Project description:Actomyosin stress fibers (SFs) enable cells to exert traction on planar extracellular matrices (ECMs) by tensing focal adhesions (FAs) at the cell-ECM interface. Although it is widely appreciated that the spatial and temporal distribution of these tensile forces play key roles in polarity, motility, fate choice, and other defining cell behaviors, virtually nothing is known about how an individual SF quantitatively contributes to tensile loads borne by specific molecules within associated FAs. We address this key open question by using femtosecond laser ablation to sever single SFs in cells while tracking tension across vinculin using a molecular optical sensor. We show that disruption of a single SF reduces tension across vinculin in FAs located throughout the cell, with enriched vinculin tension reduction in FAs oriented parallel to the targeted SF. Remarkably, however, some subpopulations of FAs exhibit enhanced vinculin tension upon SF irradiation and undergo dramatic, unexpected transitions between tension-enhanced and tension-reduced states. These changes depend strongly on the location of the severed SF, consistent with our earlier finding that different SF pools are regulated by distinct myosin activators. We critically discuss the extent to which these measurements can be interpreted in terms of whole-FA tension and traction and propose a model that relates SF tension to adhesive loads and cell shape stability. These studies represent the most direct and high-resolution intracellular measurements of SF contributions to tension on specific FA proteins to date and offer a new paradigm for investigating regulation of adhesive complexes by cytoskeletal force.
Project description:Focal adhesions (FAs) are important mediators of cell-substrate interactions. One of their key functions is the transmission of forces between the intracellular acto-myosin network and the substrate. However, the relationships between cell traction forces, FA architecture, and molecular forces within FAs are poorly understood. Here, by combining Förster resonance energy transfer (FRET)-based molecular force biosensors with micropillar-based traction force sensors and high-resolution fluorescence microscopy, we simultaneously map molecular tension across vinculin, a key protein in FAs, and traction forces at FAs. Our results reveal strong spatiotemporal correlations between vinculin tension and cell traction forces at FAs throughout a wide range of substrate stiffnesses. Furthermore, we find that molecular tension within individual FAs follows a biphasic distribution from the proximal (toward the cell nucleus) to distal end (toward the cell edge). Using super-resolution imaging, we show that such a distribution relates to that of FA proteins. On the basis of our experimental data, we propose a model in which FA dynamics results from tension changes along the FAs.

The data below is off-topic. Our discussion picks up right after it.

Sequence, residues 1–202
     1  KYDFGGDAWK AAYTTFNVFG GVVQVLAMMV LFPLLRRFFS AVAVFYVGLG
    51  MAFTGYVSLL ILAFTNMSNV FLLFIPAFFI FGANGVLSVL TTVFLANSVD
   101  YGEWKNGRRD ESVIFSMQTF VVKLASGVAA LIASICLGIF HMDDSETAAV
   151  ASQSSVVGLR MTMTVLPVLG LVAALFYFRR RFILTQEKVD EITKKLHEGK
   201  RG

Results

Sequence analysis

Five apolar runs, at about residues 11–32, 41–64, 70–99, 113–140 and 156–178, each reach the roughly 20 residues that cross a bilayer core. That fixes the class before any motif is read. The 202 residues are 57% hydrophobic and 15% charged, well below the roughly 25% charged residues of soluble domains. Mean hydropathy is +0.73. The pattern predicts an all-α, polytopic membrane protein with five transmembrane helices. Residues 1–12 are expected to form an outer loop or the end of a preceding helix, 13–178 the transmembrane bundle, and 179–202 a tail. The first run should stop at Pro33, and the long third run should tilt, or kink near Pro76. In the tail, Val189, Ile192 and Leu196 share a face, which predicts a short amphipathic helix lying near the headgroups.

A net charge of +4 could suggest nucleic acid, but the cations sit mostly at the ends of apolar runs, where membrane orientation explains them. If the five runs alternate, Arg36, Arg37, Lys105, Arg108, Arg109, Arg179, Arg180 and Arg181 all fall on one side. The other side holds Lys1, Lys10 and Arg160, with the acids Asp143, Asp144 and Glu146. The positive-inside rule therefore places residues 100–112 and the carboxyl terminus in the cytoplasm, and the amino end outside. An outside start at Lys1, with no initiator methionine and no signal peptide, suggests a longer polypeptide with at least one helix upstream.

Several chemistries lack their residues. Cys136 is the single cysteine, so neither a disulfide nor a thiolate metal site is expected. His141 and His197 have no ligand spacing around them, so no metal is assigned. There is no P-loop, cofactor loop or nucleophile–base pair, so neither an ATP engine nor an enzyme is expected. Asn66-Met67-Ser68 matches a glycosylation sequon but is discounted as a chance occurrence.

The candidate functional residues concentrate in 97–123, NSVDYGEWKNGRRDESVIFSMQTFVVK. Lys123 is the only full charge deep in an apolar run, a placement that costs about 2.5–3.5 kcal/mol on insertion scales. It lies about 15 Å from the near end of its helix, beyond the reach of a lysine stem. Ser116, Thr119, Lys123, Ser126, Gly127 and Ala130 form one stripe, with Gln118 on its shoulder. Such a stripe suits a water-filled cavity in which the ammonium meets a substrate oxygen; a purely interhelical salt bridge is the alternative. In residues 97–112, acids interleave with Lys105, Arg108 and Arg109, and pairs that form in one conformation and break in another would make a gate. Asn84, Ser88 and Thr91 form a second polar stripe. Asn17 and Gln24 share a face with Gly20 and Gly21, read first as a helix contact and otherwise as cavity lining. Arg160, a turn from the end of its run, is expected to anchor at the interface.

Project description:The mechanical properties of a cell's microenvironment influence many aspects of cellular behavior, including cell migration. Durotaxis, the migration toward increasing matrix stiffness, has been implicated in processes ranging from development to cancer. During durotaxis, mechanical stimulation by matrix rigidity leads to directed migration. Studies suggest that cells sense mechanical stimuli, or mechanosense, through the acto-myosin cytoskeleton at focal adhesions (FAs); however, FA actin cytoskeletal remodeling and its role in mechanosensing are not fully understood. Here, we show that the Ena/VASP family member, Ena/VASP-like (EVL), polymerizes actin at FAs, which promotes cell-matrix adhesion and mechanosensing. Importantly, we show that EVL regulates mechanically directed motility, and that suppression of EVL expression impedes 3D durotactic invasion. We propose a model in which EVL-mediated actin polymerization at FAs promotes mechanosensing and durotaxis by maturing, and thus reinforcing, FAs. These findings establish dynamic FA actin polymerization as a central aspect of mechanosensing and identify EVL as a crucial regulator of this process.